The Inner Voice
By Marilyn Gelfand
Have you found yourself grumbling about someone else recently? If you have, take a step back and ask yourself, "Am I annoyed about the right person?" Often we end up blaming others when the fault of the action is within ourselves. If I want privacy in my room, for example, and someone walks in, why be angry with the other, when I could have locked the door in the first place? If you lock your own door, no one could come inside. But if the door is left open, someone could easily intrude. If I'm trying to eat less, and someone eats in front of me, why not leave or just say I can control myself? Do I have to eat because someone else is? Of course you can always ask another person to co-operate with you and please stay out of my room, or could you not eat in front of me. But that is the option, not the fault, of the other person. The responsibility rests with me.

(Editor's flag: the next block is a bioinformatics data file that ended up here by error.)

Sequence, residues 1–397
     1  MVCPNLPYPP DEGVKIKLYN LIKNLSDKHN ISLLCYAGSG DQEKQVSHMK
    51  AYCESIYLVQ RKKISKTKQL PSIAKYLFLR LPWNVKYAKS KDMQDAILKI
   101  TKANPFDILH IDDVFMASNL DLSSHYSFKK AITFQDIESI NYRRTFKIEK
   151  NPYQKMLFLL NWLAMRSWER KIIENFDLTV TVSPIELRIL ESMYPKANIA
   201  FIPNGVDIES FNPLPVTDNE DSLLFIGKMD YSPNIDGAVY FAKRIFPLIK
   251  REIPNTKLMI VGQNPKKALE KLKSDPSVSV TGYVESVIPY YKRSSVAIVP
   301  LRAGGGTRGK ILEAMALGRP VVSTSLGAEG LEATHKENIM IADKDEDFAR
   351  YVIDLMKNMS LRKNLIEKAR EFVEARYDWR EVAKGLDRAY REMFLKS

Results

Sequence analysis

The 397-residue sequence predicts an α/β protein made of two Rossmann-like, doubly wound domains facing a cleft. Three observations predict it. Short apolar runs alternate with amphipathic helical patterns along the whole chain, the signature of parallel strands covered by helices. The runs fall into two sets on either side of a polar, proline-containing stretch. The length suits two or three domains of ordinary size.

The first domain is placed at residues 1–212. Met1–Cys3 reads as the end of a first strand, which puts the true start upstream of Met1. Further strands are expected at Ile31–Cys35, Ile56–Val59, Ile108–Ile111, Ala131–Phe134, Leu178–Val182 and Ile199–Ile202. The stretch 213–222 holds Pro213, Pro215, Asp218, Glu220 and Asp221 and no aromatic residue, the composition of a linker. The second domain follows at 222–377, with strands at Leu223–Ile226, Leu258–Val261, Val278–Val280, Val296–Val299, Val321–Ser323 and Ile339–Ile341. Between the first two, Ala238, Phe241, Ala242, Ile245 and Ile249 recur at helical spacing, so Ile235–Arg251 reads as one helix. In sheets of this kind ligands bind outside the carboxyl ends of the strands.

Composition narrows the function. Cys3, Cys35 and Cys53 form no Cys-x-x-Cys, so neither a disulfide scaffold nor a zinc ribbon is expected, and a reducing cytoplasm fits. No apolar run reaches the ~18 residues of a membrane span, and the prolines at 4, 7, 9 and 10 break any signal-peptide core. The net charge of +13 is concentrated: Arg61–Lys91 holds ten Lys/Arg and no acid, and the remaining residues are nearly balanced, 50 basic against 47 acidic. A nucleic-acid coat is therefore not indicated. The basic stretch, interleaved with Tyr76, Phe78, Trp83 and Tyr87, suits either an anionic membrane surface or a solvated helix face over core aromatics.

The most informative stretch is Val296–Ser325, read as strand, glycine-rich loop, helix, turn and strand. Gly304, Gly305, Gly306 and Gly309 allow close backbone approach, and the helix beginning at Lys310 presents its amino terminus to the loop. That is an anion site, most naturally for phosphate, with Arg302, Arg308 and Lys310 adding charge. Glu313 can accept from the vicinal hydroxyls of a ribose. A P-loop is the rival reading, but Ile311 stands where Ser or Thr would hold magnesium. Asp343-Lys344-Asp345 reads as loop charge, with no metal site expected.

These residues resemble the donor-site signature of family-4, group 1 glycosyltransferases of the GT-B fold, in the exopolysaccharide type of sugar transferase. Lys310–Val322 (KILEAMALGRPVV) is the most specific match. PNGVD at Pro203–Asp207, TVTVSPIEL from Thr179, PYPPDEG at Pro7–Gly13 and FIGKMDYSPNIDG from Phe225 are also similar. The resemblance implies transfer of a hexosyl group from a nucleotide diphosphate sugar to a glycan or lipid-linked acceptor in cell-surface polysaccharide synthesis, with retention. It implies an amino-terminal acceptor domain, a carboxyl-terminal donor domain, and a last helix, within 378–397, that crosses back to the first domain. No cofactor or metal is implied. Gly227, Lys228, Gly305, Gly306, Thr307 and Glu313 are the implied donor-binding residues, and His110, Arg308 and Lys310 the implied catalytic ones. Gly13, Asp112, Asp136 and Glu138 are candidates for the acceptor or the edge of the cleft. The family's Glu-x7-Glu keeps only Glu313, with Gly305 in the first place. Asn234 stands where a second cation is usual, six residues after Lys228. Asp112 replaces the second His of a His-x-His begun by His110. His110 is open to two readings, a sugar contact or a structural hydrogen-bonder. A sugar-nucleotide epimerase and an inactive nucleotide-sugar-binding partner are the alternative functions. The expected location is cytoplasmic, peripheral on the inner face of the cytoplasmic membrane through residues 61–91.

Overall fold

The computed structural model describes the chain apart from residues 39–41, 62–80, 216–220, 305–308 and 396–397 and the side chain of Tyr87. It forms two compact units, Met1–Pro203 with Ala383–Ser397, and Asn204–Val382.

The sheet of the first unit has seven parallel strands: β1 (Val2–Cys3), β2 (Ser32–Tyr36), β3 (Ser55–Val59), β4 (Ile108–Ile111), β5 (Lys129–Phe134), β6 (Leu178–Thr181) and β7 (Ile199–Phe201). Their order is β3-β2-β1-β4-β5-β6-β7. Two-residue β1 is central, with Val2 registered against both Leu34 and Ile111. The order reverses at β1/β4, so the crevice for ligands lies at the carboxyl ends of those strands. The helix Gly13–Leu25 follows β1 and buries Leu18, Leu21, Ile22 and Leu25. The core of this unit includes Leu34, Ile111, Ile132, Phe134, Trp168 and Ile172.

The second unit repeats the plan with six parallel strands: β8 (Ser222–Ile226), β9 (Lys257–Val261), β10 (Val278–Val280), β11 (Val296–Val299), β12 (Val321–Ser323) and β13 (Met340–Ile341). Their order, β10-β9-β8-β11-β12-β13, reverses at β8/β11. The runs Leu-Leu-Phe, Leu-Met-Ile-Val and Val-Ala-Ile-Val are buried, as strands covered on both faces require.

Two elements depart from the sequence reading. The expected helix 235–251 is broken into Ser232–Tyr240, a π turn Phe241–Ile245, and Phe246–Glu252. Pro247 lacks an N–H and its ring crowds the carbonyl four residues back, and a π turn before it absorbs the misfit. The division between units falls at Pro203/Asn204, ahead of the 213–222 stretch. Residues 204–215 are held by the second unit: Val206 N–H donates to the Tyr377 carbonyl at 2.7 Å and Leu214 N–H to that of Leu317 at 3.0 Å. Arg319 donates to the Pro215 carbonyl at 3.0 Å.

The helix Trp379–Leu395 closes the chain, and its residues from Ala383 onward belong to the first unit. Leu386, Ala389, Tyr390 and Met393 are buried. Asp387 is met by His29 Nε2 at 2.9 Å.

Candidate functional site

Often when we acknowledge that the responsibility of the action rests with me, not the other, a new strength appears. You may find yourself saying, "I can do this, don't get angry or lose control, keep the peace, etc." If we can step back and not be caught up in the emotion of blame, it is possible to be more of an observer.
Maybe I'm annoyed because I've accepted another's responsibility for himself. As a family member, we often take responsibility for the decisions our adult children make for themselves. In reality, I desire to control my child's life when I do this. I can give advice, help out, but when our adult children decide what they want, we must let go, and not blame them for seeing their lives their own way. This can be very difficult to accept. It is very important to step back and realize who's responsible for the decision before we let our emotions run rampant into blame. Really the only thing we can control is our own energy.